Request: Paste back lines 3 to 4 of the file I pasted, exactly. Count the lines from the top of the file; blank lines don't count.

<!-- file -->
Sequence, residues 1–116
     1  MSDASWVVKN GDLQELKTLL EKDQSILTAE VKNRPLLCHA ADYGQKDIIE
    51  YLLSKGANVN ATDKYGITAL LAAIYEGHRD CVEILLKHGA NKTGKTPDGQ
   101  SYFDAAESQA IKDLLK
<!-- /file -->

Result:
    51  YLLSKGANVN ATDKYGITAL LAAIYEGHRD CVEILLKHGA NKTGKTPDGQ
   101  SYFDAAESQA IKDLLK